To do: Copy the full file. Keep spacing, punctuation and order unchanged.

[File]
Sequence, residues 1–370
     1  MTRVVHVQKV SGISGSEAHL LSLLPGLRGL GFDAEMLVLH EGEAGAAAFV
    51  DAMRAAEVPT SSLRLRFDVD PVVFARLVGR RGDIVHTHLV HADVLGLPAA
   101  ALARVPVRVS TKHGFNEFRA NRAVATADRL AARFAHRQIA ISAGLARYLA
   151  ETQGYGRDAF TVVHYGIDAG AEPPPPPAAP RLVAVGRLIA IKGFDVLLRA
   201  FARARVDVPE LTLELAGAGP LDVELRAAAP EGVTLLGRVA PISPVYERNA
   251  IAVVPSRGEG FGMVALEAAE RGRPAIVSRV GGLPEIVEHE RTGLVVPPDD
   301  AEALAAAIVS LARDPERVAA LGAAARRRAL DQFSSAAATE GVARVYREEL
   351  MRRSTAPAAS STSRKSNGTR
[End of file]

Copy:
Sequence, residues 1–370
     1  MTRVVHVQKV SGISGSEAHL LSLLPGLRGL GFDAEMLVLH EGEAGAAAFV
    51  DAMRAAEVPT SSLRLRFDVD PVVFARLVGR RGDIVHTHLV HADVLGLPAA
   101  ALARVPVRVS TKHGFNEFRA NRAVATADRL AARFAHRQIA ISAGLARYLA
   151  ETQGYGRDAF TVVHYGIDAG AEPPPPPAAP RLVAVGRLIA IKGFDVLLRA
   201  FARARVDVPE LTLELAGAGP LDVELRAAAP EGVTLLGRVA PISPVYERNA
   251  IAVVPSRGEG FGMVALEAAE RGRPAIVSRV GGLPEIVEHE RTGLVVPPDD
   301  AEALAAAIVS LARDPERVAA LGAAARRRAL DQFSSAAATE GVARVYREEL
   351  MRRSTAPAAS STSRKSNGTR